he Hubble Frontier Fields (HFF) program has been recently extended to include two additional clusters to this spectacular data set. This is great news for science. To date, the HFF has provided the best data set to study the distribution of dark matter in galaxy clusters (the same data set is used for other exciting projects). Currently, the HFF is covering two clusters (from the original set of 4). One of them is MACSJ1149.5+2223. This cluster is interesting for several reasons. One of them is the fact that a supernova at z=1.491 was observed by Hubble in one of the observing campaings. This supernova is seen 4 times, in a configuration known as Einstein cross. The multiple images observed by Hubble are distorted versions of the original supernova that are multiply lensed 4 times (gravitational lensing). One interesting feature of gravitational lensing is that since the paths of photons are distorted by the gravitational potential, and so is their time of arrival to our telescopes on earth. Because of this time difference, multiply lensed images of the same background object are seeing in different epochs. Is like seeing your kids simultaneously when they had different ages, … weird. The supernova observed by Hubble is observed (4 times) in one of the arms of its host galaxy in just one of the counterimages but not in the other two counterimages. This means that that supernova will be observed in the future in the other two counterimages or it has already happened in those two counterimages. Since the lifetime of a supernova is short (days or weeks) and there is no way to predict when a star will go supernova it is nearly imposible to observe a star going supernova before it happens. The multiply lensed images of the supernova in this cluster, could in theory, allow us to predcit when a supernova is going to be observed and study the supernova explosion from the very beginning. Using accurate models of the gravitational potential we where able to predict the time difference between the different counterimages and predict when the supernova will be observed next in the different counterimages or when it was happening in those images. The figure shows the predicted time delays for the supernova observed in MACS1149. This supernova is observed now four times. Our model predicts that we are too late to observe one of the counterimages that occurred about 9 years ago but a new chance to see this supernova will take place again around November 1st 2015. This will be the first time we can point a telescope to a position and wait for the SN to happen (again). Talk about time travel !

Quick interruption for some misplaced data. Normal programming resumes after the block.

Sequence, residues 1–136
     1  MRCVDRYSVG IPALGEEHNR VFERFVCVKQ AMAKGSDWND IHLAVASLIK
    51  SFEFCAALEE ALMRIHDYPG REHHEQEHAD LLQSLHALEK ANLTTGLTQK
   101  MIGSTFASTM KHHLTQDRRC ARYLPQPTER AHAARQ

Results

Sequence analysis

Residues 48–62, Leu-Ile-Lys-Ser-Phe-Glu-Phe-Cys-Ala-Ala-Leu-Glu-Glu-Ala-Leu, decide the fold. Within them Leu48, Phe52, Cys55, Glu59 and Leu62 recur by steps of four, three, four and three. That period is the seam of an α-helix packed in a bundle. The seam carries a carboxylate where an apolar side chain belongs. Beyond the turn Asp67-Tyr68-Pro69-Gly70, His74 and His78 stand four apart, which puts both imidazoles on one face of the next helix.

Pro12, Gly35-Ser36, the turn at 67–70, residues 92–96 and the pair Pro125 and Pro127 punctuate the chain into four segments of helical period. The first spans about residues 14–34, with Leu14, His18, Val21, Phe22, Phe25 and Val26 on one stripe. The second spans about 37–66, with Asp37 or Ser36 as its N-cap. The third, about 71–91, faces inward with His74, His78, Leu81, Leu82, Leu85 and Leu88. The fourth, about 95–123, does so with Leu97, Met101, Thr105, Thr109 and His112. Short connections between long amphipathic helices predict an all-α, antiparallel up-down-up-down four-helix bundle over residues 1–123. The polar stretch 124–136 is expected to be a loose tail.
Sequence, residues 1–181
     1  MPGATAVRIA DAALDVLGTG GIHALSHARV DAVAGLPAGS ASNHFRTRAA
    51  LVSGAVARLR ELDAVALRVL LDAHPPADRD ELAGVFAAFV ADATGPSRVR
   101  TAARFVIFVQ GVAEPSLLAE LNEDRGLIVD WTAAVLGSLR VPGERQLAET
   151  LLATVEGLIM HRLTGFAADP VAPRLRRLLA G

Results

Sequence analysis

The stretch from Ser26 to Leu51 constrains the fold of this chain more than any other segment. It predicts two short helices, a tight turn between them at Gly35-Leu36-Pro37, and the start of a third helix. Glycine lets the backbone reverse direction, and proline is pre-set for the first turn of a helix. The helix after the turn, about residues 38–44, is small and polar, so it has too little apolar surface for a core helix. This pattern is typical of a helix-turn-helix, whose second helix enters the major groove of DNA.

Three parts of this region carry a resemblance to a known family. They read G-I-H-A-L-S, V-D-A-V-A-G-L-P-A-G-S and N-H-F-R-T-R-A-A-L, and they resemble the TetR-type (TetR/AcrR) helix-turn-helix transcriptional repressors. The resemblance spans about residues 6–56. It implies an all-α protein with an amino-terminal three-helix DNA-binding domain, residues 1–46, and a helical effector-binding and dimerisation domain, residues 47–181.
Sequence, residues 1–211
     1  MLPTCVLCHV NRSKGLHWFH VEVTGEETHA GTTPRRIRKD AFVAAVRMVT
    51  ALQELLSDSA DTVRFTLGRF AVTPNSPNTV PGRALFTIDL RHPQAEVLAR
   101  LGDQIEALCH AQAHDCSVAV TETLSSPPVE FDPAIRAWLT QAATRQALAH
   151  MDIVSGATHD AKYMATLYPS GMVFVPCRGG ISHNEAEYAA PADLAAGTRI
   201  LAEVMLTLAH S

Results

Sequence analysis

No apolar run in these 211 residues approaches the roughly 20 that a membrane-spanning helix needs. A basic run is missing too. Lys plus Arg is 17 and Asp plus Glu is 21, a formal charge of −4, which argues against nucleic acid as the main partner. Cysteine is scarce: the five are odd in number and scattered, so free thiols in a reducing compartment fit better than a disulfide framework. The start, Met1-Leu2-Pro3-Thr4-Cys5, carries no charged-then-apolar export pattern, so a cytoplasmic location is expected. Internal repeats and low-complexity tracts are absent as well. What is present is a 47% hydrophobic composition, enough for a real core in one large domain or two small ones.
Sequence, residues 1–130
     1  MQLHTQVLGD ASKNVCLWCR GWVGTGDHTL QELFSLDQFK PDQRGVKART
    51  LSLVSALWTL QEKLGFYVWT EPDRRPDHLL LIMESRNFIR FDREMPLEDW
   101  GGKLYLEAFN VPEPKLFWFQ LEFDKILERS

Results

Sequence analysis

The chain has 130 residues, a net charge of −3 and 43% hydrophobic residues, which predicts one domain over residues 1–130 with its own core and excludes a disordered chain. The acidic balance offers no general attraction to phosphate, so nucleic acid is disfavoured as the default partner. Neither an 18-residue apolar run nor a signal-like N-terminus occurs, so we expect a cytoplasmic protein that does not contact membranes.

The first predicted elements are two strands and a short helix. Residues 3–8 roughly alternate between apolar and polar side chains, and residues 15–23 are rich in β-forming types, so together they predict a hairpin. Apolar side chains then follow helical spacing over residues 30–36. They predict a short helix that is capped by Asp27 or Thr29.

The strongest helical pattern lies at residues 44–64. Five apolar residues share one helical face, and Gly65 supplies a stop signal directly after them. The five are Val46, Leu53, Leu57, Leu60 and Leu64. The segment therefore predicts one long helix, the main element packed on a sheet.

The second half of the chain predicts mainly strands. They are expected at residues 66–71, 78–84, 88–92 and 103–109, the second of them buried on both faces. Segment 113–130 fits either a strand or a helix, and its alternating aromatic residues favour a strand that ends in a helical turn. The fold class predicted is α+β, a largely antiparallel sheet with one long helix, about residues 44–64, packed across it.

Original paper: http://arxiv.org/abs/1504.05953
Published version: http://mnras.oxfordjournals.org/content/456/1/356
SN REFSDAL UPDATE (Dec. 2015)
On December 12th 2015, news broke about the reappearance of SN Refsdal at the exact predicted position posted in this article. The date of the explosion is uncertain by one month but it must have happened between November 15th and December 10th which are the dates when Hubble was observing at this location. On the November 15th observation there was no sign of the explosion but in the December 10th observation the SN had already shown up at the predicted position. The date of the original prediction (November 1st) is based on a value of the Hubble constant that is a bit out of date (h=0.7). Adopting a more recent estimate (h=0.67) and re-scaling the time delay, the best prediction for the reappearance shifts from November 1st 2015 to November 17th, right in the window of time where we know the explosion had happened.
2 thoughts on “Hubble Frontier Fields Program extended (and time travel)”
Well, it seems like as of December 12th 2015, the SN has already reappeared somewhere between mid November and December 10th so our prediction was right on.